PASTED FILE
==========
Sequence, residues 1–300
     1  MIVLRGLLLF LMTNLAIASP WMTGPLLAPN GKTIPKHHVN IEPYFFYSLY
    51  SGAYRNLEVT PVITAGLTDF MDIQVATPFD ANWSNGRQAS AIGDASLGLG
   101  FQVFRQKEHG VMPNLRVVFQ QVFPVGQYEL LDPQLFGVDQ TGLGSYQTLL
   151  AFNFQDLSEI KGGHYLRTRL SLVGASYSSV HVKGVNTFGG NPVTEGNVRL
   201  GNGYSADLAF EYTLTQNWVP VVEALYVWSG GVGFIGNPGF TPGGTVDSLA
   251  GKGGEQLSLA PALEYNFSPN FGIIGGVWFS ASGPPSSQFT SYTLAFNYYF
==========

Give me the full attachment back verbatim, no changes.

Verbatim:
Sequence, residues 1–300
     1  MIVLRGLLLF LMTNLAIASP WMTGPLLAPN GKTIPKHHVN IEPYFFYSLY
    51  SGAYRNLEVT PVITAGLTDF MDIQVATPFD ANWSNGRQAS AIGDASLGLG
   101  FQVFRQKEHG VMPNLRVVFQ QVFPVGQYEL LDPQLFGVDQ TGLGSYQTLL
   151  AFNFQDLSEI KGGHYLRTRL SLVGASYSSV HVKGVNTFGG NPVTEGNVRL
   201  GNGYSADLAF EYTLTQNWVP VVEALYVWSG GVGFIGNPGF TPGGTVDSLA
   251  GKGGEQLSLA PALEYNFSPN FGIIGGVWFS ASGPPSSQFT SYTLAFNYYF